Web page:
Believe it or not, mindful eating might be the key to helping you enjoy food more — and lose weight at the same time.
What is mindful eating, anyway? To put it simply, mindful eating is dining with intention and paying attention, all without judgement. Mindfulness can be practiced at any moment of your day, during any activity. When applied to your daily eating, it can be your best friend if you’re also trying to shed a few pounds.
Losing weight is a good starting goal when thinking about “going on a health kick.” But remember that although weight loss may be one of the most noticeable outcomes of a change in your eating habits, it is not the only factor by which you should judge your own health.
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Things like blood pressure, nutrient absorption, and even social support and physical environment are all factors that should be considered when assessing health.
When you find yourself battling against your urges to stock up on junk food and drinks, it’s best to remember that there is a bigger picture to changing your habitual eating tendencies, and that losing weight will come as a side effect of living a healthy Paleo lifestyle—and notice that it’s not just a Paleo “diet.” [tweet_quote] Are you eating to live or living to eat? [/tweet_quote]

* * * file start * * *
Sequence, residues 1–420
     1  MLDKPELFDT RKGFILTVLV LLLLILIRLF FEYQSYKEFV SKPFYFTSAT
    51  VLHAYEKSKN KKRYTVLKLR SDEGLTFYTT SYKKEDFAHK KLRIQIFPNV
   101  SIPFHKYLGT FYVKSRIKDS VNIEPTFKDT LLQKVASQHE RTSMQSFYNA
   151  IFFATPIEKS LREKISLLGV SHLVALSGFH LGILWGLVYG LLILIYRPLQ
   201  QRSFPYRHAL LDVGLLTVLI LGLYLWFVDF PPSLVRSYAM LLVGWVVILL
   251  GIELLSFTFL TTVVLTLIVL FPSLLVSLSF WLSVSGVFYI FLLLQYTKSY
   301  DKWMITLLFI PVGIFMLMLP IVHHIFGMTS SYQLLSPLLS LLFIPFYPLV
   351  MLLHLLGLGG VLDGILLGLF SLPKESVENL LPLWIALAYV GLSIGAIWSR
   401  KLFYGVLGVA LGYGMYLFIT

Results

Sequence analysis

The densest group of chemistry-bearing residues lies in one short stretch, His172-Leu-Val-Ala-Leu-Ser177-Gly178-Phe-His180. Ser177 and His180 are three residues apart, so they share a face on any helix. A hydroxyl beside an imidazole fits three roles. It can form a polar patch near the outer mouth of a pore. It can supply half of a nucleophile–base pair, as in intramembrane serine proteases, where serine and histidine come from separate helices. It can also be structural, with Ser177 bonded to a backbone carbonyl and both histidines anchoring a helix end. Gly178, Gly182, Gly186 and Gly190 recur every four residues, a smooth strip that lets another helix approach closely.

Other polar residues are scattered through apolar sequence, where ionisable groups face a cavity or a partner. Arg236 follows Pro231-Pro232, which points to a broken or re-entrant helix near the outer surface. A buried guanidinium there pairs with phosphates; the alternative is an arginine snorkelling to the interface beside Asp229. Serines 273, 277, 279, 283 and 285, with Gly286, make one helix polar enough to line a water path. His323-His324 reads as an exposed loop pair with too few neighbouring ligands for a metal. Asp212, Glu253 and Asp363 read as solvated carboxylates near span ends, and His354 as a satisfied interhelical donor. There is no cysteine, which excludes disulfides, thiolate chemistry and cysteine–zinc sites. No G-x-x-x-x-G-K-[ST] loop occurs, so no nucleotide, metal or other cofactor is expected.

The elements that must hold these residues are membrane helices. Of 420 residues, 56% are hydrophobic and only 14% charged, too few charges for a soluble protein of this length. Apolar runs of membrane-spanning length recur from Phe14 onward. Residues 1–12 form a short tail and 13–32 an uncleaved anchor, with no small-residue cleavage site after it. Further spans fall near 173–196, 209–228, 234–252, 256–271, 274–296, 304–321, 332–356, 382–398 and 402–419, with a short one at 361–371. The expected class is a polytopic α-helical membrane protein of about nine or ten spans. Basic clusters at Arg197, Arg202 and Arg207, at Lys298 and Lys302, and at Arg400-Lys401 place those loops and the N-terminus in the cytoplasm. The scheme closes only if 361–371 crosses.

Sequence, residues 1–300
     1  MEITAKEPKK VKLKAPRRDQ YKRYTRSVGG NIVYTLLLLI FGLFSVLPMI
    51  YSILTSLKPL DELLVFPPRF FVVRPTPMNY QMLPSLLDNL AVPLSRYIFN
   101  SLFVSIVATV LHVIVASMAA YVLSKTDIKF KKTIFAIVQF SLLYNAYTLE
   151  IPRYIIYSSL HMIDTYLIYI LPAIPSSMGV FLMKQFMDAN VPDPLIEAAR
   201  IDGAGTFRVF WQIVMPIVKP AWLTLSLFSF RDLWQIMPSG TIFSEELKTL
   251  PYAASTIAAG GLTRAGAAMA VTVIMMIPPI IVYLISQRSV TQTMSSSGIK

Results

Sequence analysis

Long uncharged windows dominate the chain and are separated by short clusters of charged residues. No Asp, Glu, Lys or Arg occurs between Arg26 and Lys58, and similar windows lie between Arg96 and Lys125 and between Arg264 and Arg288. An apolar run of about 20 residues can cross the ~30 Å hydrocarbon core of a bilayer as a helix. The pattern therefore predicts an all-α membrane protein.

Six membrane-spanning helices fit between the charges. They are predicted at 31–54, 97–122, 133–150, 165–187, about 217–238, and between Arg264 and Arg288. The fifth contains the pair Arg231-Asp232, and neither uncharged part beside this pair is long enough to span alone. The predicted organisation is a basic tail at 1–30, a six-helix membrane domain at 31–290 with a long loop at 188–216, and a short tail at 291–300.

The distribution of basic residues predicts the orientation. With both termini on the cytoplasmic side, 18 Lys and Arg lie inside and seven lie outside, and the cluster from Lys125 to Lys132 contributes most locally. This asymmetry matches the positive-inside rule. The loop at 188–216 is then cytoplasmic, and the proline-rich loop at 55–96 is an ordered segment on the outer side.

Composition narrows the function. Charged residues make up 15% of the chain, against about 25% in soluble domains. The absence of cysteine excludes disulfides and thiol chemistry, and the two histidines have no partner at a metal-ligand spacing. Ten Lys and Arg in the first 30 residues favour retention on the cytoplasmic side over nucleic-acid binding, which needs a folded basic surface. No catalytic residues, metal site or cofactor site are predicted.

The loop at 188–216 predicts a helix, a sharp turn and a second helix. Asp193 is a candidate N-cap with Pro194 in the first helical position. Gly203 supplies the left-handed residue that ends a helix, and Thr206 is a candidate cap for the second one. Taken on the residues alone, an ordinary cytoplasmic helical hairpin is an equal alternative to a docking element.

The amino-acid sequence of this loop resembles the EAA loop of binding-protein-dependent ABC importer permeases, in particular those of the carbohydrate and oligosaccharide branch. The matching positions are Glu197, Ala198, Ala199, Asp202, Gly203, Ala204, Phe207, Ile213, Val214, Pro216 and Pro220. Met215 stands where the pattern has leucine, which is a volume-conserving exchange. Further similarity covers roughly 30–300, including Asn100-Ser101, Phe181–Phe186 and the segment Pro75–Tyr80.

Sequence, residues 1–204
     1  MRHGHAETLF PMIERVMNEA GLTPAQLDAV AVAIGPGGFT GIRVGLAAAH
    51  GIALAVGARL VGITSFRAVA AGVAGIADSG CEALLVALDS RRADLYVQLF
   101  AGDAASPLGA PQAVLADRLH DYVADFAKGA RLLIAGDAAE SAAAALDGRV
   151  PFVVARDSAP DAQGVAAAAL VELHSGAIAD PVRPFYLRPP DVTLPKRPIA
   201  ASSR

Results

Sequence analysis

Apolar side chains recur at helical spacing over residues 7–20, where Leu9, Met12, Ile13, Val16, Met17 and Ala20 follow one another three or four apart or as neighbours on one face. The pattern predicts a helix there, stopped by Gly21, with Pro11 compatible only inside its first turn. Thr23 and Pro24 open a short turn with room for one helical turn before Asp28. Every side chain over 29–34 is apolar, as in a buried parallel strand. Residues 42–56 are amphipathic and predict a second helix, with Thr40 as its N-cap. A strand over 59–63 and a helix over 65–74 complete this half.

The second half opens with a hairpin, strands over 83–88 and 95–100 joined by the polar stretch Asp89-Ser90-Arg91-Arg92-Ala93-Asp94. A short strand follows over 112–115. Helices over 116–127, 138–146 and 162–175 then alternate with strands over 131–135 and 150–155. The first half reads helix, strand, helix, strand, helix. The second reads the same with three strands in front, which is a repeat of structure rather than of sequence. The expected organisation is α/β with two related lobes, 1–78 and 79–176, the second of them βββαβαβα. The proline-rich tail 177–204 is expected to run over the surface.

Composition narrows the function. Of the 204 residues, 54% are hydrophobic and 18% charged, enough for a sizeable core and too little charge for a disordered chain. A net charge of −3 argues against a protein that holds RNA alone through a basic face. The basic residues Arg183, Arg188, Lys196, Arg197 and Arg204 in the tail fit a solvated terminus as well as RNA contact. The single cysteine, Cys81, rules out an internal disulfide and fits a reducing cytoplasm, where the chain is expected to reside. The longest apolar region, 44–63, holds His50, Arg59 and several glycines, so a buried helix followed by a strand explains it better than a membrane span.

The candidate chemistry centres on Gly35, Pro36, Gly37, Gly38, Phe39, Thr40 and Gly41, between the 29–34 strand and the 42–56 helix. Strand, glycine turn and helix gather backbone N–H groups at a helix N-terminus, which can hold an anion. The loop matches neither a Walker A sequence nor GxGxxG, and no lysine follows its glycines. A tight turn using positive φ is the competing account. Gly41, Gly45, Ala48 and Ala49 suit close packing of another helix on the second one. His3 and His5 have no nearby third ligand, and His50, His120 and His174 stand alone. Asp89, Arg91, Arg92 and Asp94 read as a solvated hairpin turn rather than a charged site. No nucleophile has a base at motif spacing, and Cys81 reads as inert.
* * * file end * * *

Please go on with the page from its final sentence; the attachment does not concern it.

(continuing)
Though it’s always nice to fit into smaller clothes, or lose some weight for the camera, eating mindfully will trump dieting in creating longer lasting changes to your weight and lifestyle habits.
Diets are almost always synonymous with short-term restriction which can leave you feeling deprived. Most diets fail within the first week and may not be your best bet for losing weight and/or keeping the weight off.
Eating with mindfulness will help build healthy habits, will help you feel satisfied with healthy food consumption choices, and build an acceptance of an “eat to live” belief versus a “live to eat” belief.
In a pilot study, obese individuals practicing mindful eating were seen to result in significant changes in not only eating behavior and weight, but also in their psychological distress. Mindful eating can be thought of as a cycle of questions:
Ask yourself these questions every time that you eat something and set your intentions based on your answers.
Practicing mindfulness is also dependent upon your breath. During most hours of the day, our breathing typically goes under the radar, but focusing on this habitual function will help strengthen your mindful eating. Breathing in and out while saying a mantra to yourself will make things a little easier.
Try something like, “Will this make my body happy?” or “Can I even pronounce the names of the ingredients in this?” or “I’m eating to nourish and energize”.
Other helpful tips include:
- Plan out your meal times for the day and set aside time to appreciate and enjoy your meals. Try to eat at the same time of day each day to help keep your digestion cycle regular.
- Pay attention to detail. In order to really appreciate your food, think about its texture, smell, taste and maybe even the sound of it.
- Be realistic. Mindful eating is not going to start off as full-blown meal rituals three times a day. Try practicing mindful eating with a snack or one meal per day and work your way up.
- Really paying attention to your food means no distractions. So put down the cell phone, iPad, or other electronic device and focus on your food. Turn the TV off. With these distractions, you are more likely to overeat.